Sunday, August 19, 2007

Nate Revisited

For those of you who missed the first half of this story, you can read it here.

Continuing on.

So, this writing of notes continued for the first few months of school. One particular gem that I had forgotten until I started writing this was when Nate said something like:

I don't think of it as sexuality, but sensuality.

Now, that should have been a red flag, don't you think? No. Like I said, I was fourteen. Naive. Absolutely flattered that someone liked me so much.

Oh, and when he said "sensuality not sexuality" I thought, "Oh, wonderful. I'm safe. He doesn't want to have sex with me. I'm so glad we're on the same page."


This is one of the many, many, many moments I wish I'd had a good friend whack me over the head with a cast-iron frying pan. Was I really that slow?

So, this flirting and talking and note-writing was all so lovely. Soon, it was the Christmas season. I gave Nate a bag of Hershey's kisses for a Christmas present. He said thanks and enjoyed them. I mentioned to one of my friends that I wondered whether or not he'd get anything for me. I didn't expect much, but thought a token gesture might be nice.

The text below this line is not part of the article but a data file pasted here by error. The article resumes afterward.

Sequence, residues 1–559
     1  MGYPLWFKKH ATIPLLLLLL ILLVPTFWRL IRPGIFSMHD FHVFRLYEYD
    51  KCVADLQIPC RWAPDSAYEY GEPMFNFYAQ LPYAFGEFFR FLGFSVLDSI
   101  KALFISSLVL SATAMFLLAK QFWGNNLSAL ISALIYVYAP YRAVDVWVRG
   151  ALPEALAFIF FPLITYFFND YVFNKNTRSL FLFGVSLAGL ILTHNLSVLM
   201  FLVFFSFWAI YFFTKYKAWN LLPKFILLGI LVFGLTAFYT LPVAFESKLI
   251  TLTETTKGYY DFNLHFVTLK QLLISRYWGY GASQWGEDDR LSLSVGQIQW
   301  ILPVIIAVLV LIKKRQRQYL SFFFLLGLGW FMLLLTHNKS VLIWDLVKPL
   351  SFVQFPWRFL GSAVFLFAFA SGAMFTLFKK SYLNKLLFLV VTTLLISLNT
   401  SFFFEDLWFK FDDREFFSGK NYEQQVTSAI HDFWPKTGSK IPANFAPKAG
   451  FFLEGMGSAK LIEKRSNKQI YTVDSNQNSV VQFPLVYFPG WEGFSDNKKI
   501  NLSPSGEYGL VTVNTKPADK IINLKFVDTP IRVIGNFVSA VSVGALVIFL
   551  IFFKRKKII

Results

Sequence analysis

"Um, Heather. He's Jewish," she told me.

"Yeah, so," I replied. Really, I was brilliant.

"He doesn't celebrate Christmas."

"Oh, yeah." Of course I had known this, but somehow I hadn't managed to connect the two.

Well, the last day before our Christmas Winter Break, Nate stopped me in the hall right after Journalism.

"Corey and I are going to skip the rest of the day and drive to Salt Lake. Want to come?"

Well, I had never cut class before, so I was a little scared. But, boys with eyes like that (I did tell you about the gorgeous blue eyes, right? So blue they looked like they'd been painted.) can be very persuasive.

And Nate's best friend Corey was a really good guy, someone I trusted and enjoyed, so it sounded like it could be a really good time.

I talked to Monsieur Mott, my French teacher, and told him I was sick. He excused me and I ran out to the parking lot to meet Corey and Nate.

We talked and laughed all the way to Salt Lake and then stopped at one of the local malls. It was so much fun to be walking around the mall during the Christmas season. Then, we went to an arcade and played air hockey and pac man. I felt so dangerous, cutting school for the first time, spending time with TWO boys.

After getting something to eat, we started the drive back to our hometown so that we would be home before school was over.

This time Corey drove and Nate and I were sitting in the back seat. I was perfectly happy sitting next to this cute boy in the back seat. He was holding my hand. All was right with the world.

Then, he leaned over and kissed me. Now, I'm sorry to say that this wasn't my first kiss, but I still wasn't all that experienced in the kissing arena. So, when he kissed me, and I mean REALLY kissed me, I wasn't sure what to do.

Then, he put his hand on my waist. Okay, I thought, waiting for him to pull back. But he didn't. He just kept kissing me.